Artist in the Archive

I spent a lot of the end of 2017 getting lost in the labyrinthine tunnels that sprawl underneath the Library of Congress. Putting on my contractor’s badge and my most convincing ‘I know where I’m going’ face, I’d try to find my way down long angled passageways, up and down staircases, to the room I was going to– which inevitably wasn’t where a normal numeric system would suggest it should be.

Somehow my meetings never seemed to be scheduled in the same building — it’d be Manuscripts in the Madison building, then Veterans’ History Project in Adams before scurrying off to try to find the Poetry department up in the attic of the classic Jefferson Building. I started to feel a real kinship to the book carts I’d see being wheeled along those tunnels; it definitely seemed like I’d made myself into some strange part of the Library’s intricate infrastructure.

When I was asked in the fall to become the Library’s Innovator-in-Residence, I wasn’t sure what I was going to do or make. But I was sure that I wanted to change my typical practice in two primary ways: I wanted to start with people (not data), and I wanted to be as public as I could.

For about a decade, I’ve described my working process as ‘data first’. What this meant is that I’d insist to clients and collaborators that the work needed to start with a dataset. I’d usually sequester myself into my studio with that data for a few weeks or a few months, and then an idea for a project would emerge, usually in the form of a working software prototype. This approach has a lot of advantages. Primarily, it ensures that the idea comes from the data itself, and that you’re not trying to shoe-horn the data into some kind of a conceptual framework where it doesn’t really fit. Also, it’s cozily insular, appealing to someone like me who has spent more hours in front of a computer screen than I have in the company of actual human beings.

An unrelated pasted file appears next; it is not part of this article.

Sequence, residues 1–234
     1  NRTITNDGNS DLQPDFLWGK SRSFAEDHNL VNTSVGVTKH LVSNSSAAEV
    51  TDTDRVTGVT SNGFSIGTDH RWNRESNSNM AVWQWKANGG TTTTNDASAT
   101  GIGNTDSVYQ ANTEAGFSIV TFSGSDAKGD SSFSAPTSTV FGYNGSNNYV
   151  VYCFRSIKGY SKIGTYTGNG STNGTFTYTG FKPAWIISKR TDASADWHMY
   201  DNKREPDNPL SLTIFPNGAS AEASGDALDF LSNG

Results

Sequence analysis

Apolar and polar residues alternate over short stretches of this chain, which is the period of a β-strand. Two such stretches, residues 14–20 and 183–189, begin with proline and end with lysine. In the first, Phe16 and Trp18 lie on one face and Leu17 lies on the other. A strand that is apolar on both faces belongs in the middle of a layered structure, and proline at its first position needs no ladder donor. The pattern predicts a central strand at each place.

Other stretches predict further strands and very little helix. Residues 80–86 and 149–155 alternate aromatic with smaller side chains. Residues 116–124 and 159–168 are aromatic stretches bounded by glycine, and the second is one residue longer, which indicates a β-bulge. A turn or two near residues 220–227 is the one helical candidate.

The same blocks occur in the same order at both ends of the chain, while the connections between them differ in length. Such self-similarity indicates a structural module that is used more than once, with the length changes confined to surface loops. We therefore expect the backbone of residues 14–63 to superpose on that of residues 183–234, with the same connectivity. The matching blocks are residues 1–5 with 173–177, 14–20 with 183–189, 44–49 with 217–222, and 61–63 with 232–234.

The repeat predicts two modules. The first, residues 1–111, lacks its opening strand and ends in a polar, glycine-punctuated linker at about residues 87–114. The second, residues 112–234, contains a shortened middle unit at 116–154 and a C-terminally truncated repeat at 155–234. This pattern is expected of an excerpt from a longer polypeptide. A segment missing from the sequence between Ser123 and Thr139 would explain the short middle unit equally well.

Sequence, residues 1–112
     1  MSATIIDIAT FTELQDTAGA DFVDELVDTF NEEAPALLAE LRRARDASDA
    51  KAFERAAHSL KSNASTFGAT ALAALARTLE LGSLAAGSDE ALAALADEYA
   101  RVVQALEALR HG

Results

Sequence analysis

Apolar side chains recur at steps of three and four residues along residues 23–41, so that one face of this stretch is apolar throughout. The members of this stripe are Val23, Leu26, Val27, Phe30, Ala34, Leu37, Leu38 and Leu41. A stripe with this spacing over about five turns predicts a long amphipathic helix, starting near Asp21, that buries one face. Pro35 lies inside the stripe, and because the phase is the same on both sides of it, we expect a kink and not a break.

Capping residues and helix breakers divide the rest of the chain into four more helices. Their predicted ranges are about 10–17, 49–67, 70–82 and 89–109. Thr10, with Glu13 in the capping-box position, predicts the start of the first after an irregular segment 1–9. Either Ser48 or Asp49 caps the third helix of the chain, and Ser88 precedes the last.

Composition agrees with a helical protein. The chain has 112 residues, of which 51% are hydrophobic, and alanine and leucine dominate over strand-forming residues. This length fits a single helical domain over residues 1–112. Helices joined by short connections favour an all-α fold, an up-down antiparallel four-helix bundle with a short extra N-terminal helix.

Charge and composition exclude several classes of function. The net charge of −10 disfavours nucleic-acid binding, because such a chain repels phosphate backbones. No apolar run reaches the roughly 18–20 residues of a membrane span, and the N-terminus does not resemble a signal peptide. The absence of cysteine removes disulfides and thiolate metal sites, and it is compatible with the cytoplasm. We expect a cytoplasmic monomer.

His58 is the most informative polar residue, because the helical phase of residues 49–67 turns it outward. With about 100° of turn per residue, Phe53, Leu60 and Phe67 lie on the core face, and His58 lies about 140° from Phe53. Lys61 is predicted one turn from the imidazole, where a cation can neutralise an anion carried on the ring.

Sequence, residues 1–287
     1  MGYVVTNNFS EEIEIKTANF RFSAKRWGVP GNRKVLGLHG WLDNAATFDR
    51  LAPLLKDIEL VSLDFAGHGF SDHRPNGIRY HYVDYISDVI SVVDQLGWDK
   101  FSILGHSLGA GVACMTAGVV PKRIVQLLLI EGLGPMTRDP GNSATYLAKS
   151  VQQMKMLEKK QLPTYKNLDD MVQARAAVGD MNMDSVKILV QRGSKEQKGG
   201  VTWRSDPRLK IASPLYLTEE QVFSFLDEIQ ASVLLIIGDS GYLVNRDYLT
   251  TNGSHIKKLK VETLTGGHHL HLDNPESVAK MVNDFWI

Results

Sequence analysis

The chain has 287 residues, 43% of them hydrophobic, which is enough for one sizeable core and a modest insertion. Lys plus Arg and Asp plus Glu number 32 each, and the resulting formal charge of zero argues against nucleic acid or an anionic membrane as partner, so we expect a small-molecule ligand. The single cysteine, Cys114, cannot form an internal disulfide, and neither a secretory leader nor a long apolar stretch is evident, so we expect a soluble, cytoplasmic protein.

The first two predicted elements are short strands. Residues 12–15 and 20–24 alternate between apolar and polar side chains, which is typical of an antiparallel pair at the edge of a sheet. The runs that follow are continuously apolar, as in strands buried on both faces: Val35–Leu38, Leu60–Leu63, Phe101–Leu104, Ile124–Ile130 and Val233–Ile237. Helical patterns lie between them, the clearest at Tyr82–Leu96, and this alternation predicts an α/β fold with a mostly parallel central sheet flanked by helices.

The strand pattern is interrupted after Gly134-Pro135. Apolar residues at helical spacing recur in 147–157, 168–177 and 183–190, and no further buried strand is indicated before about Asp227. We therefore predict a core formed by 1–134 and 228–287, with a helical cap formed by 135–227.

With all of this in mind I was determined to flip the script — I’d make my project at the library people first instead of data first, starting with conversations and interviews before I turned to algorithms and machine learning systems.

The second thing I promised myself was that I’d be as public as possible in my time at the library. I’d share all of my research, post all of my source code, and involve other people in my process as much as I could. My career as an artist was founded in a world (software art) which tends to value novelty above all else. As such I’ve cultivated, over fifteen years or so, a tendency to hold my cards close to my chest. I’ve released source code, and shared process, but mostly after a project is finished. This time I wanted to share everything with everyone, from the very beginning.

One result of these two promises and all of those underground forays beneath the library is a podcast — Artist in the Archive. Here are the first two episodes (they’re also available on iTunes and Pocket Casts and pretty much everywhere else):

Each of these episodes features a long interview with someone who I’ve met at the Library. In the first episode I talked to Kate Zwaard, who is the Chief of National Digital Initiatives, about the Library’s past, present, and future as a digital institution. In the second, I sat down with the curator/geographer/mathematician John Hessler to talk about the politics of making and collecting maps. Bracketing these discussions are (slightly) shorter interviews with librarians and archivists about special objects and collections in the Library’s holding that they particularly identify with. In the first two episodes, these objects include a 1787 census document, children’s drawings of Sputnik, a post civil war left-handed penmanship contest, and a journal from a 1960s Greenwich Village book & record store owner, Izzy Young.

Like my time at the Library so far, the podcast is meandering and far-ranging. The point of it is to share the things I’m finding, but also to share the sensation of being lost in those long tunnels, underneath a collection that is so daunting in size, and overwhelming in nuance.

I hope that you’ll give it a listen, and I hope you’ll let me know what you think.

Happy New Year!

Jer

ps. Huge and heartfelt thanks go to Artist in the Archive producer Greta Weber, and to Becca Farrow who made the cover art for the podcast!

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